“The Tom Bradley International Terminal at LAX is the first and last impression nine million travelers have of Los Angeles every year,” Villaraigosa noted. “This new terminal enhances passenger safety and security while giving travelers the first-class experience they expect from a world-class city like Los Angeles.
“Customer service improvements at LAX contribute to travelers having positive experiences in our great city, making them want to return.”
The architecture and construction of the structure has been designed to obtain a Leadership in Energy and Environmental Design (LEED) Silver certification from the U.S. Green Building Council.
The enhancements at the international terminal will reap substantial tourism benefits, said Matt Myerhoff, corporate community manager for the Los Angeles Tourism & Convention Board.
“The dining and retail shops in the Tom Bradley Terminal Great Hall are well-known and are highly popular in Los Angeles, and many of these establishments are run by celebrity chefs, and that itself has become a tourist attraction,” Myerhoff added.
Westfield Concession Management, LLC is the lead company that will lease and manage the food, beverage and retail concessions in the Bradley Terminal. The management firm signed a 17-year contract last year and LAWA estimates that they will receive over $17 million for the first year and over $180 million over the first 10 years of the contract.
“Westfield is pleased to bring our global resources and experience in creating iconic shopping destinations to transform LAX, starting here in the new Tom Bradley International Terminal – our global gateway,” said Westfield Group’s Co-Chief Executive Officer Peter Lowy. “We have leveraged Westfield’s award-winning design capabilities with the best local brands to completely transform the airport experience into the LAX travelers have dreamed of and the LAX they deserve.”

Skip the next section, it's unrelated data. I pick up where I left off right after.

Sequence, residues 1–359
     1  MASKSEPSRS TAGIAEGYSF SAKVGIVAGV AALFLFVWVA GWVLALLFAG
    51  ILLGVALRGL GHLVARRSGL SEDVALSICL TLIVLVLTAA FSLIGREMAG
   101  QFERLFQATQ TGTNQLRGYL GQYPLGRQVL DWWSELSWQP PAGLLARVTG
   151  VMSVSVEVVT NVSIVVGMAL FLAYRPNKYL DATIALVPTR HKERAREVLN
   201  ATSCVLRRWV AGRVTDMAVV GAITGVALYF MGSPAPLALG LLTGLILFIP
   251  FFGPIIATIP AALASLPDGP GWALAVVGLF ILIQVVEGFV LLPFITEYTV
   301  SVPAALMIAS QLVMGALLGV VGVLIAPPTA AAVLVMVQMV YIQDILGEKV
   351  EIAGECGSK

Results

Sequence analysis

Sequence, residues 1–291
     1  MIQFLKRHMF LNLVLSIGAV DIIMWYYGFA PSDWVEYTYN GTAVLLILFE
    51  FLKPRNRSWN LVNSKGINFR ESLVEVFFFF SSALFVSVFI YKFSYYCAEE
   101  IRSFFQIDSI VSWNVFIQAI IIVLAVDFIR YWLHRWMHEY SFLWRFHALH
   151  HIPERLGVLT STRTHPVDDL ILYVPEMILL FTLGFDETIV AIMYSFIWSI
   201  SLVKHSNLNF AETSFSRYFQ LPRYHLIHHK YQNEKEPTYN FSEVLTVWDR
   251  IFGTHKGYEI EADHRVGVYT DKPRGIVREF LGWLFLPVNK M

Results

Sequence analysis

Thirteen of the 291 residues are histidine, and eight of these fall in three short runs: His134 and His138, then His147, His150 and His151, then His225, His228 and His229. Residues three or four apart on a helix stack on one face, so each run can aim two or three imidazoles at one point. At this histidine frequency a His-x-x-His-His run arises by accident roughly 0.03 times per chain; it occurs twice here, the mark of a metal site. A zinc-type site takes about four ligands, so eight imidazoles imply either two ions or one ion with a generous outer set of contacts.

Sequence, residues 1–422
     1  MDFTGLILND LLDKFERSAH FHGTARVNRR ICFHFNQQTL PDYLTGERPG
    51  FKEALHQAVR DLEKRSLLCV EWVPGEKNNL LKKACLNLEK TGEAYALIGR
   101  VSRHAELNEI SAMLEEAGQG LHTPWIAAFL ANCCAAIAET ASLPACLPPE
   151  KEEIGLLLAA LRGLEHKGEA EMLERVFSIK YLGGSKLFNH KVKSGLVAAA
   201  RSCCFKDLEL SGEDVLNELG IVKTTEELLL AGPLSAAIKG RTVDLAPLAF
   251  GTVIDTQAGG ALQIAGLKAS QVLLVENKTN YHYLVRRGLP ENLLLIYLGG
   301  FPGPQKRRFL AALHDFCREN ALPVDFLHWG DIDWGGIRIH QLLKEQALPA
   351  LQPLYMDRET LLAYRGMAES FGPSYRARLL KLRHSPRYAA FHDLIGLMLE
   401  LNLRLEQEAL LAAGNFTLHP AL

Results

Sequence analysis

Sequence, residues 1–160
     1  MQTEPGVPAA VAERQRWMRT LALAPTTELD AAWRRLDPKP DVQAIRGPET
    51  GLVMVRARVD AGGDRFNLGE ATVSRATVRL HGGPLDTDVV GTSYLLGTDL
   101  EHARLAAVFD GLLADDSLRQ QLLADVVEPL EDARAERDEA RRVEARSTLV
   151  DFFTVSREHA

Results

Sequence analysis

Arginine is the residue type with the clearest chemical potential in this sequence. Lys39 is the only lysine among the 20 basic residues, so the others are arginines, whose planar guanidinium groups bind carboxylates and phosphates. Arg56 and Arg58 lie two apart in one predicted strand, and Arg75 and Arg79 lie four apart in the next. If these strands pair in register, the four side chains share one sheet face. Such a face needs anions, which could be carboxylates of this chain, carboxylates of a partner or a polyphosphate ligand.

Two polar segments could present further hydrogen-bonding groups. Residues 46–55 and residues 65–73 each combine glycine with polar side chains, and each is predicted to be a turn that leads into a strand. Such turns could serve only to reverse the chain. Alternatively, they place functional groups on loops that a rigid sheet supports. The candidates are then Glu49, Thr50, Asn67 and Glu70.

Myerhoff said there is an economic component to the improvements at the terminal as well. “Tourism resulted in $16.5 billion in direct spending to Los Angeles in 2012,” he said. “So this piece of infrastructure is a direct investment in our economy.”
According to the tourism board, while international travelers make up 22 percent of all tourists to Los Angeles, they make up 35 percent of all spending by tourists.
“Having a great experience will not factor into how tourists make their vacation plans to Los Angeles, but what will directly increase tourism is the number of people who can move through the airport,” Myerhoff said.
At the press conference, Lindsey talked about the collective efforts that it took to rebuild the Bradley Terminal and used the phrase “it takes a village” to define how the massive project was able to get to its current stage of development.
Afterward, she expounded on her remarks.
“Every discipline in LAWA had its own role in delivering this,” the airport director told The Argonaut.
Lindsey said although there were days when things did not always go as planned, visiting the Bradley Terminal and witnessing the progress firsthand buoyed her spirits.
“Every time that I have walked the terminal I come back with a renewed sense of energy,” she said.
The terminal welcomed a select group of members of the public two days later, June 22, on LAX Appreciation Day. Bradley’s daughters, Phyllis and Lorraine, joined other family members and dignitaries in a rededication ceremony of their father’s bust in front of the terminal.
Villaraigosa, only days away from leaving office, believes the terminal has the city’s stamp firmly on it.
“The flavor of Los Angeles is here,” the mayor concluded.
The international terminal is slated to open in mid-September.